Normally the idea of wall ties never enters your head, until the point is raised within the home buyer’s report, when you apply for a mortgage or loan against your property.
Which is strange really when you think about it as, you have your car serviced or mot tested, at least once a year.
The need for a cavity wall tie survey can arise for several reasons:
1. You may notice a distortion, crack or bulge in your house wall and the survey may be just a precaution, to check that wall tie corrosion isn’t an issue.
2. The property may be up for sale and due to the age of the property, the issue of wall ties was raised by the surveyor undertaking the home buyer survey.
3. You may have heard of the problem from someone selling their house, or on the TV and done the wise thing of having your wall ties checked, before the issue became a more complicated and expensive issue.
1. Firstly to make contact with the owner of the property and inform them of what is required to undertake the survey, and ensure that they have given permission to undertake the works required.
2. A full external inspection of the property will be undertaken, this is looking for any of the following points.
- The type of property, ie semi-detached or terraced.
- Have any extensions or alterations been undertaken.
- Has cavity wall insulation been installed?
- The wall construction, thickness, brick and mortar type.
- Any evidence of cracking, defective gutters or rainwater pipes, which will have resulted in water running down the wall.
- Condition of the pointing to the external elevations of the property.
- Note any obstructions, such as conservatory’s or pitched roofs which would prevent access.
- The location of any chimneys, used or not we, cannot install wall ties into these areas.
The second part of the survey will be to drill a suitable hole within the external leaf, to allow a visual inspection of the installed wall tie within the cavity, using an endoscope.
- Type of wall tie installed as there are many different types and some require different remedial works such as isolation.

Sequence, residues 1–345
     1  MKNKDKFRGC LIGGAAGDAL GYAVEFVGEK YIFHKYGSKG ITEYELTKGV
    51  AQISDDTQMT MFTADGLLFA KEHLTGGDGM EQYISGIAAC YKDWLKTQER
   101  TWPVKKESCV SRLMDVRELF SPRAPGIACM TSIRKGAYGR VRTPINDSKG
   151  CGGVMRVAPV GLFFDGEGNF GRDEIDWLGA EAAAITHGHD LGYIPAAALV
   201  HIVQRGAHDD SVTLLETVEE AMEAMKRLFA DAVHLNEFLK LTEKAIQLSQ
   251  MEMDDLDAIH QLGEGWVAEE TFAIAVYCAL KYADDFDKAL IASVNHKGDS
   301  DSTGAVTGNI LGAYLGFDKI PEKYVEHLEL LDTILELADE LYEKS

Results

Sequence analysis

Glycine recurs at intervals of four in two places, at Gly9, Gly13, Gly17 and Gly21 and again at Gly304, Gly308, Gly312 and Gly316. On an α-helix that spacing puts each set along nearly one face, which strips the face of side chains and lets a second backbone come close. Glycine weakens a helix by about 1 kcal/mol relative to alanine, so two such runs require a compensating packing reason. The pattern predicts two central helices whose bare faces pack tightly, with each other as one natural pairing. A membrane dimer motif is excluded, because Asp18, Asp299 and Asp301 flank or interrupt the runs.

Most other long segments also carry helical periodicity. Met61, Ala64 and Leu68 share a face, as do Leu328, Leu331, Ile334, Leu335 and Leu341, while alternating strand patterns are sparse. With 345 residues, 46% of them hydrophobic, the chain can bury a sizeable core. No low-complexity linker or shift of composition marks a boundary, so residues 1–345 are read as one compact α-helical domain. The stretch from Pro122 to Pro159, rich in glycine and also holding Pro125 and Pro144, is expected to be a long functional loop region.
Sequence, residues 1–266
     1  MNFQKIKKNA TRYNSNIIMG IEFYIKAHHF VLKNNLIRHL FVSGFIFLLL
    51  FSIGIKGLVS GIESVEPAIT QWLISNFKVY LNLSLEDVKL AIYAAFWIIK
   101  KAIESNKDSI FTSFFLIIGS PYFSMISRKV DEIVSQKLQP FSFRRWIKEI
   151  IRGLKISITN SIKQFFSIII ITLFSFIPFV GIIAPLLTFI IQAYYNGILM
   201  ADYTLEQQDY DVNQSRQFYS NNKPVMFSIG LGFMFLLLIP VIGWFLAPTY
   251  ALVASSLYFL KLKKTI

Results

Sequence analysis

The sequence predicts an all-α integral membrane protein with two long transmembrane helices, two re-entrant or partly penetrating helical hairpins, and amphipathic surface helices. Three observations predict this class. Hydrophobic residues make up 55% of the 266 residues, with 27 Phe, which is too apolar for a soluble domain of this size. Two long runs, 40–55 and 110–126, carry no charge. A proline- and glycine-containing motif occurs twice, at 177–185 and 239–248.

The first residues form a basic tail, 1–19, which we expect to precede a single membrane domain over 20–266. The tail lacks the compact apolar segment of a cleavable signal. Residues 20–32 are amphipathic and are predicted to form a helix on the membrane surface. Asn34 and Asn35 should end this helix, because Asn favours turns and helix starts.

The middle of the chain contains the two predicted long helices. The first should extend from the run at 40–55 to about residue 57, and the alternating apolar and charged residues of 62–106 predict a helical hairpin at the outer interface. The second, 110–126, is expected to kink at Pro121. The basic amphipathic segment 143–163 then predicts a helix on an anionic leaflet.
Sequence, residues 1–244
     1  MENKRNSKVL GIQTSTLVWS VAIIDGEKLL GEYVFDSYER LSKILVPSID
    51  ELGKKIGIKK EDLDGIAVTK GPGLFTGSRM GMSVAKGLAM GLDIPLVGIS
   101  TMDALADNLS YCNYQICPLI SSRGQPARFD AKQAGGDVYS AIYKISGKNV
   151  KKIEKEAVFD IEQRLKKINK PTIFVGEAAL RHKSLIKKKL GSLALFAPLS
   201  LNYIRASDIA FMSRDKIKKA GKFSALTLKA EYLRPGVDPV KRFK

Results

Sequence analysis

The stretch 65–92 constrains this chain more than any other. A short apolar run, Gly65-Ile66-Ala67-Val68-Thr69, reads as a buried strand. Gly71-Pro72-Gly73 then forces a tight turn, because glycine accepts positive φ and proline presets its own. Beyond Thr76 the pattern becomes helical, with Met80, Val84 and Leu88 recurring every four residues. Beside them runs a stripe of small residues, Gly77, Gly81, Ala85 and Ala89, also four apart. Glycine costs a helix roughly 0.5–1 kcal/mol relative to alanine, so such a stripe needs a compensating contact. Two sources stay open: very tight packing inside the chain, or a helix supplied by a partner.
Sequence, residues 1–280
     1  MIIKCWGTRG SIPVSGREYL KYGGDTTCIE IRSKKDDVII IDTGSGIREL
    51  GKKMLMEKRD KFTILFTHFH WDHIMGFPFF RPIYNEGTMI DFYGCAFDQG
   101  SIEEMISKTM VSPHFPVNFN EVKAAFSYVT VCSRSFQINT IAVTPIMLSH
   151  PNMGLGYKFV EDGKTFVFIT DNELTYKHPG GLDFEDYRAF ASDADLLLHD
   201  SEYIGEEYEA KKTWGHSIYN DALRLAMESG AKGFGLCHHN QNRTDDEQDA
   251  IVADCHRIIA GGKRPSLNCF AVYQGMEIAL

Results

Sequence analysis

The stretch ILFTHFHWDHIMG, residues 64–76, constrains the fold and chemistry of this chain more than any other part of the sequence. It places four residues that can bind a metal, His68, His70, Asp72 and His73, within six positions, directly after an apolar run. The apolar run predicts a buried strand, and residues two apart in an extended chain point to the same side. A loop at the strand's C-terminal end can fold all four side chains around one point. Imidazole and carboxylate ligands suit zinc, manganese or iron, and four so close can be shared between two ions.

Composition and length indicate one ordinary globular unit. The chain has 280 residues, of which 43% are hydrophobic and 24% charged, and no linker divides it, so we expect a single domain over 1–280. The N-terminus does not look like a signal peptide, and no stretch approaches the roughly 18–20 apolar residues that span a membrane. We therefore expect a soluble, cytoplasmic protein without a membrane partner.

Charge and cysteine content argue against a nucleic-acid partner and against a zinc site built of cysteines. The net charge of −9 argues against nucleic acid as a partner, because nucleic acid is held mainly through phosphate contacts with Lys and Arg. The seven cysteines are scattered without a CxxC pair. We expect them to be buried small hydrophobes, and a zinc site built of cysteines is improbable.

- The condition of the wall tie, as they do not always require replacement, we may just recommend a re-inspection in five or more years.
- The width of the cavity, this does vary and there is no point in installing wall ties which are too short or too long.
- The type and construction of the inner leaf, it is not uncommon to find a brick on edge, which is thinner and may not be able to hold a wall tie.
- Finally an internal inspection of the property is undertaken, to establish that all the wall areas are of a cavity construction, (Bay windows sometimes have stud walls) if there is any cracking of the plaster or separation from the inner walls or ceilings.
Other methods of inspection
So what happens when cavity wall insulation has been installed and a visual inspection of the wall tie within the cavity cannot be undertaken?
We still need to establish the wall ties condition or the lender is not going to allow the mortgage to go through.
We still need to establish the classification of the wall ties to establish what remedial works are required, and if isolation is required.
The experience and qualifications of the surveyor, to make an informed judgment, after taking into account all the information on site, such as the mortar type, exposure of the building or cracking or lifting of the mortar beds.
In situations where a visual inspection of the wall ties cannot be undertaken, due to a blocked or insulated wall cavity, then the only alternative is to undertake an inspection of the wall tie by the removal of a brick.
The survey is undertaken exactly the same as listed earlier, but instead of drilling the wall and using an endoscope, we remove the mortar around the brick, with a chasing chisel, and remove the brick. Following inspection the brick is then replaced, following photographing of the wall tie, and pointed up.
What’s the alternative to the above?
Well we could just guess or recommend wall ties anyway but as we are an honest and credible company this would never happen
So how do we decide if the wall ties need replacing or not?
For many years, there were no hard and fast rules it was really the decision of the surveyor undertaking the inspection.
Then in 1995 The Building Research Establishment (BRE), issued guidance in the form of BRE digest 401 “Replacing Wall Ties “which set out how to visually grade existing wall ties and what to recommend (or not) depending on the condition of them.
BRE 401 sets out nine classes of wall tie corrosion, ranging from number 1: Bright and shiny – no problem, though to number 9: very rusty and laminating – urgent repair required. Initially, the visual condition of the wall ties is used to decide on what action (if any), is needed.
Table 2 visual grading of the condition of steel wall ties (BRE digest 401)
Table 4 Recommended action on the basis of the tie condition (BRE digest 401)
If you have any questions please call us on 0161 633 9860 and we will be happy to answer any of your questions or make arrangements to undertaken an inspection, of your wall ties to ensure your property is structurally sound. http://184.108.40.206/~olympicconstruct/